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Top boy and UK culture being represented in mainstream media platforms

Written by on 30th September 2019

We are currently in an era where urban UK culture is thriving. Where we see all genres of rap charting both independently and signed, and mainstream television is giving us a platform. From Top Boy, to The Rap Game, and Hate the Player, all major TV channels such as BBC, Channel 4, ITV2 are catering to us in a way that’s never been done before. They’re not just hiring a middle-class white man to write stereotypical skits that are intended to be funny but in reality, are patronising and condescending. They’re hiring us to tell the story, we’re the ones behind the scene, we have the control, and we create the narrative.

Having the power to control the narrative is critical. However, with that power, one simultaneously gains the responsibility for what you choose present to your audience. You have the ability and platform to give people a deeper understanding and insight into a new reality or a fresh perspective to the reality they’re already living. Which is why I highly commend the way Top Boy (on Netflix if you didn’t know) chose to use their platform and shine a light on fundamental issues that affect the working-class society on a day to day. They touched upon racism, the Windrush scandal, the poverty cycle and obviously the street life in a tasteful and realistic way. They shared people’s stories and allowed us to empathise with characters the world can be quick to judge, even the fact they chose to have that scene with the police officers shown in a positive light was unexpected, but I also think necessary. It would have been easy to paint them out as villains in that scene. A large population already see them like that anyway but like I said when you have a platform big or small you’re accountable for what you’re presenting to the world, and I think what TopBoy did with theirs was outstanding. They didn’t glorify life on the roads; they showed the constant battles both with outer circumstances but also from within, depression and anxiety, sacrificing family for a dream. You see Dushane and Sully continuously question whether it’s all worth it, which is an important message to see, especially when we’re saturated with music that paints a different picture. A lot of the time you’re not fully aware of what you’re signing up to, but you’re already in too deep to back away, or you’re too young to access the consequences of your actions fully.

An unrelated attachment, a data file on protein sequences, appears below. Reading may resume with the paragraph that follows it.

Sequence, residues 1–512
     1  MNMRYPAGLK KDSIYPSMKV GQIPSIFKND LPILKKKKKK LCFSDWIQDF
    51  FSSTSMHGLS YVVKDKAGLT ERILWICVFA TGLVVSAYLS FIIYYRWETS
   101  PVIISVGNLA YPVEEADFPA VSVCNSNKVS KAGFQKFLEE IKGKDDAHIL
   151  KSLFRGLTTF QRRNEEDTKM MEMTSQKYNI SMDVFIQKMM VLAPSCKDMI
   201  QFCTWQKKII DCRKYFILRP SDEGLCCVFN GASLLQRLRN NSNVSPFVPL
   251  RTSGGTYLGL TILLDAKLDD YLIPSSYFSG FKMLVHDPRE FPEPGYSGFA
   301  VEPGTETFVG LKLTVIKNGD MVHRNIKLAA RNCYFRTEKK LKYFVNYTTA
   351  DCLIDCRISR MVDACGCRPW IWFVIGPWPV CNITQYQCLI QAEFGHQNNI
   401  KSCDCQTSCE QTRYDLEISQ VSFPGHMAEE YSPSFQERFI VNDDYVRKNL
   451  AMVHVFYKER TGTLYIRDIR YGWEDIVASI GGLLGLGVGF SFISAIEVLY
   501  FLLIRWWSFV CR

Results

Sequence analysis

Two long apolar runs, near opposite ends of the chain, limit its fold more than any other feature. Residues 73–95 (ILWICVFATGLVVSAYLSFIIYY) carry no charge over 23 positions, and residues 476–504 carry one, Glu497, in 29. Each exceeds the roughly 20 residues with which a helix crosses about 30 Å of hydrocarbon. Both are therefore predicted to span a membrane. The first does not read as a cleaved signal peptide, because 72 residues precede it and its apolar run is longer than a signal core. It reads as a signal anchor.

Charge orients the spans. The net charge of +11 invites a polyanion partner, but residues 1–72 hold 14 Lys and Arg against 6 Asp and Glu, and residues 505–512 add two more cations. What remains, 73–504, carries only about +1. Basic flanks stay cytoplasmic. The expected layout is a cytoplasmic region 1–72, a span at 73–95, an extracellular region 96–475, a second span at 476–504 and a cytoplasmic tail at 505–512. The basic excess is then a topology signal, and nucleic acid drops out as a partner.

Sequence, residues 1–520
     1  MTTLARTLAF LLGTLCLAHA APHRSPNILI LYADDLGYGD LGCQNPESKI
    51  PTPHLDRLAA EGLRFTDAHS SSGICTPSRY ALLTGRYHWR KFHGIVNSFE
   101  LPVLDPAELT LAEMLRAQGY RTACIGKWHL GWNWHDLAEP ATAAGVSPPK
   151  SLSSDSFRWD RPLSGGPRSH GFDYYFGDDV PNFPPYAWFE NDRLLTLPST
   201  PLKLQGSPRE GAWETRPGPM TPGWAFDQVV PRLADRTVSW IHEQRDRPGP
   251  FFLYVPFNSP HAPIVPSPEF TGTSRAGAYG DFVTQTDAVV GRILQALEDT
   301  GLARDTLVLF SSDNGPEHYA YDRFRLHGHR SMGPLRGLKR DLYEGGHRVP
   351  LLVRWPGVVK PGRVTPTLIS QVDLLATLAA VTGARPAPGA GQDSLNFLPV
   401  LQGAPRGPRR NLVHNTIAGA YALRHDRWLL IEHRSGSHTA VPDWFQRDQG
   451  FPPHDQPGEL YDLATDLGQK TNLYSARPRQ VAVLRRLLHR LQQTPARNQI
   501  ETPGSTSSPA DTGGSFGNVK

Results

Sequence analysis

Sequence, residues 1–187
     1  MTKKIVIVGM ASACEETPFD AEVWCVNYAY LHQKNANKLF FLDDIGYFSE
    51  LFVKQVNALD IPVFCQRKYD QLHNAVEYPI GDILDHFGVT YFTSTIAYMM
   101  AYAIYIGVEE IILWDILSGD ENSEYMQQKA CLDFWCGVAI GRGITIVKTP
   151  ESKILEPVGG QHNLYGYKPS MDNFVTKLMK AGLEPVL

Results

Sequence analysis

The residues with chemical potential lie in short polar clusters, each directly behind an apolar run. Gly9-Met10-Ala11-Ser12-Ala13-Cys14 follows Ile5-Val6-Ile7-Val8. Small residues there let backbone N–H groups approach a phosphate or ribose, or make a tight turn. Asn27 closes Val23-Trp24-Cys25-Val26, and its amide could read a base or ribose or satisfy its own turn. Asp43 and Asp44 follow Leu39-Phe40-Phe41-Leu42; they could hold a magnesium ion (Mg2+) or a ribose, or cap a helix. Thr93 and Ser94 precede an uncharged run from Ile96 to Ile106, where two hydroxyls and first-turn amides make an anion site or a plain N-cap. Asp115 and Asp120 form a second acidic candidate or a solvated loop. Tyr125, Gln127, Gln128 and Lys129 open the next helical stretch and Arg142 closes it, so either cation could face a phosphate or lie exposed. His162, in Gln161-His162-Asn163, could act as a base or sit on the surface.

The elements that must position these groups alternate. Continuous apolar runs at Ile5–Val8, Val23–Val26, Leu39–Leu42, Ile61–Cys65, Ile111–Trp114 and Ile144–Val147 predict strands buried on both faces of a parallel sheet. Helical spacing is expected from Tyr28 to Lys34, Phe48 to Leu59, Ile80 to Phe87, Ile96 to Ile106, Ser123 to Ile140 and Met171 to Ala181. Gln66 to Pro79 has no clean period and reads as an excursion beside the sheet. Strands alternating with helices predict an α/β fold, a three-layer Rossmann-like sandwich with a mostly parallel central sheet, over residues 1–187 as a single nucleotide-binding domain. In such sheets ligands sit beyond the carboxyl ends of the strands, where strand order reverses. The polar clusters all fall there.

All in all, it’s inspiring to see people who have come from similar backgrounds as I, achieving great thing as well as seeing the growth in representation of ethnic minorities on our tv screens. However, I shall say it would have been great to see some Latinos on Top Boy, especially considering Ashley Waters grew up in Peckham we’re literally a whole community around those sides. He’s even graced us with a remarkable interview on Luchandddlive, so he knows what we’re about. But in all seriousness, it’s a great age to be a creator, we have more opportunities than ever, and I believe that’s due to social media showing corporations that we have things to say, and we have people that want to hear them. We’re showing them that we can do things they only wish they could, and we can reach people in a real and authentic way, and we have the numbers to statistically back that up. And they’re listening. 

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